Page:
1911 Encyclopædia Britannica/Colemanite
|←Colebrooke, Henry Thomas||1911 Encyclopædia Britannica, Volume 6
|Colenso, John William→|
|See also Colemanite on Wikipedia, and our 1911 Encyclopædia Britannica disclaimer.|
COLEMANITE, a hydrous calcium borate, Ca2B6O11+5H2O, found in California as brilliant monoclinic crystals. It contains 50.9% of boron trioxide, and is an important source of commercial borates and boracic acid. Beautifully developed crystals, up to 2 or 3 in. in length, encrust cavities in compact, white colemanite; they are colourless and transparent, and the brilliant lustre of their faces is vitreous to adamantine in character. There is a perfect cleavage parallel to the plane of symmetry of the crystals. Hardness 4-41⁄2; specific gravity 2.42. The mineral was first discovered in 1882 in Death Valley, Inyo county, California, and in the following year it was found in greater abundance near Daggett in San Bernardino county, forming with other borates and borosilicates a bed in sedimentary strata of sandstones and clays; in more recent years very large masses have been found and worked in these localities, and also in Los Angeles county (see Special Report, 1905, of U.S. Census Bureau on Mines and Quarries; and Mineral Resources of the U.S., 1907).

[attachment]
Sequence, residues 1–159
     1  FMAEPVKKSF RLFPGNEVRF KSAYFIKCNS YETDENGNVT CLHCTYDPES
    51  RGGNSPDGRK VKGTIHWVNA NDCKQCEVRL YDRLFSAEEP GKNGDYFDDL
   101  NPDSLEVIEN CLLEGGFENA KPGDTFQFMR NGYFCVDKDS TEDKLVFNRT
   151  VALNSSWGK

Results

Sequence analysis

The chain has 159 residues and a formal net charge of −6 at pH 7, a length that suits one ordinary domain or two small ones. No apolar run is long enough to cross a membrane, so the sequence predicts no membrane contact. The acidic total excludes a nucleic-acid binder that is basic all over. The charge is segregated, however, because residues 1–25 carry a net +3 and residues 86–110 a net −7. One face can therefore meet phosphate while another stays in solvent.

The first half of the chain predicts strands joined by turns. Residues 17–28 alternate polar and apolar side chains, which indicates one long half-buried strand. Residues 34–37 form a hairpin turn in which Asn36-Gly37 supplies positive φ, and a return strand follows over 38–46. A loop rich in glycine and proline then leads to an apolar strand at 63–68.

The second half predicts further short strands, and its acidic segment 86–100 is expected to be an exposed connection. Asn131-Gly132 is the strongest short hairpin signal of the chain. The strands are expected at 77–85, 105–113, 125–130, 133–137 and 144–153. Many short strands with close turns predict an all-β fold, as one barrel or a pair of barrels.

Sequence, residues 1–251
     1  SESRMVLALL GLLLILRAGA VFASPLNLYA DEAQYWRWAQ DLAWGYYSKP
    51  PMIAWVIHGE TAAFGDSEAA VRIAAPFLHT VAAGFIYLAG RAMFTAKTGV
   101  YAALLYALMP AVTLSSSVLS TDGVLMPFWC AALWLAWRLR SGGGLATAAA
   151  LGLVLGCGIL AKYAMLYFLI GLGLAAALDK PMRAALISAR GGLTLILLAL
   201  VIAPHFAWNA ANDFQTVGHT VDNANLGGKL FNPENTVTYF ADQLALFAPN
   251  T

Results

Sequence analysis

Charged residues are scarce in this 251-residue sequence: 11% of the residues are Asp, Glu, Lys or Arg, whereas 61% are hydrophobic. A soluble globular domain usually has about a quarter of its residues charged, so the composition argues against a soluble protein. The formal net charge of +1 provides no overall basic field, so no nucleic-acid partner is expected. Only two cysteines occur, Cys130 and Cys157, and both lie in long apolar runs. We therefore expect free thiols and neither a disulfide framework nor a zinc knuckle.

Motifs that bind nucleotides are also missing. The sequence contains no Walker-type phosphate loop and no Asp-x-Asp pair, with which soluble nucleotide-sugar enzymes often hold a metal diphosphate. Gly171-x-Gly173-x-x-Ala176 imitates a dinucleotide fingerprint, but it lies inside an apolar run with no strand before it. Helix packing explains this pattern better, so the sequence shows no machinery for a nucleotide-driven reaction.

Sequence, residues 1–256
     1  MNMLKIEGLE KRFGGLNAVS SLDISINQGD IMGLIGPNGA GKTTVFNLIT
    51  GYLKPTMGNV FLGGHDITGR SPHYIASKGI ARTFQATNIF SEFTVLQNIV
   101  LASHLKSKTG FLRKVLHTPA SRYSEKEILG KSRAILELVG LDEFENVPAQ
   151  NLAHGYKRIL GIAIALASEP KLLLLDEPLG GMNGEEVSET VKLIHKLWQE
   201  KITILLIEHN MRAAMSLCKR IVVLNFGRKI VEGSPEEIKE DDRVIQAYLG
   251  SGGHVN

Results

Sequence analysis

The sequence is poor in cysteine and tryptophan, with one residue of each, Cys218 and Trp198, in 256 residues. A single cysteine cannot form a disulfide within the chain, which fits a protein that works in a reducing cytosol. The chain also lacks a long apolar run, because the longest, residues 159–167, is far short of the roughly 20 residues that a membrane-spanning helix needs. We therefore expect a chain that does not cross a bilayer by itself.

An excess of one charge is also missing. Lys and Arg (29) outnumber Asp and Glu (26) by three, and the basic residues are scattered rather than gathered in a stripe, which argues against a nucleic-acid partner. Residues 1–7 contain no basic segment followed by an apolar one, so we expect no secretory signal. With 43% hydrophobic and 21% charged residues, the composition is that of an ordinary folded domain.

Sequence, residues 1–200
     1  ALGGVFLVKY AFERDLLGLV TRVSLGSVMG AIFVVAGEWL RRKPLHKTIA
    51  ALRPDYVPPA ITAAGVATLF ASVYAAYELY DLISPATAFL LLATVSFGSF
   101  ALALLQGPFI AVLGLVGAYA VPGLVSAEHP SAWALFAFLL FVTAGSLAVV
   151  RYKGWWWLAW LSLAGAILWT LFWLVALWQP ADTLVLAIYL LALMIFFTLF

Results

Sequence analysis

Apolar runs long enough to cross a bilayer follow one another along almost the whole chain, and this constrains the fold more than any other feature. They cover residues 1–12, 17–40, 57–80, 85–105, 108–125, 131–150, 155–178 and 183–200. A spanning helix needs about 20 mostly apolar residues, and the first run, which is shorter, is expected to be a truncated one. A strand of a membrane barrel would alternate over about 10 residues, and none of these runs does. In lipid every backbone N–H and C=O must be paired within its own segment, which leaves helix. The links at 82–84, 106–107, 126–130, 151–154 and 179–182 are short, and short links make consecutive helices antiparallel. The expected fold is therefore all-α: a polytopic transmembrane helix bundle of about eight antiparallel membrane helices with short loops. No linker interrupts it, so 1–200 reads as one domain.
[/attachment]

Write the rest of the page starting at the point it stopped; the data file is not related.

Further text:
Priceite and pandermite are hydrous calcium borates with very nearly the same composition as colemanite, and they may really be only impure forms of this species. They are massive white minerals, the former friable and chalk-like, and the latter firm and compact in texture. Priceite occurs near Chetco in Curry county, Oregon, where it forms layers between a bed of slate and one of tough blue steatite; embedded in the steatite are rounded masses of priceite varying in size from that of a pea to masses weighing 200 lb. Pandermite comes from Asia Minor, and is shipped from the port of Panderma on the Sea of Marmora: it occurs as large nodules, up to a ton in weight, beneath a thick bed of gypsum.
Another borate of commercial importance found abundantly in the California deposits is ulexite, also known as boronatrocalcite or "cotton-ball," a hydrous calcium and sodium borate, CaNaB5O9+8H2O, which forms rounded masses consisting of a loose aggregate of fine fibres. It is the principal species in the borate deposits in the Atacama region of South America. (L. J. S.)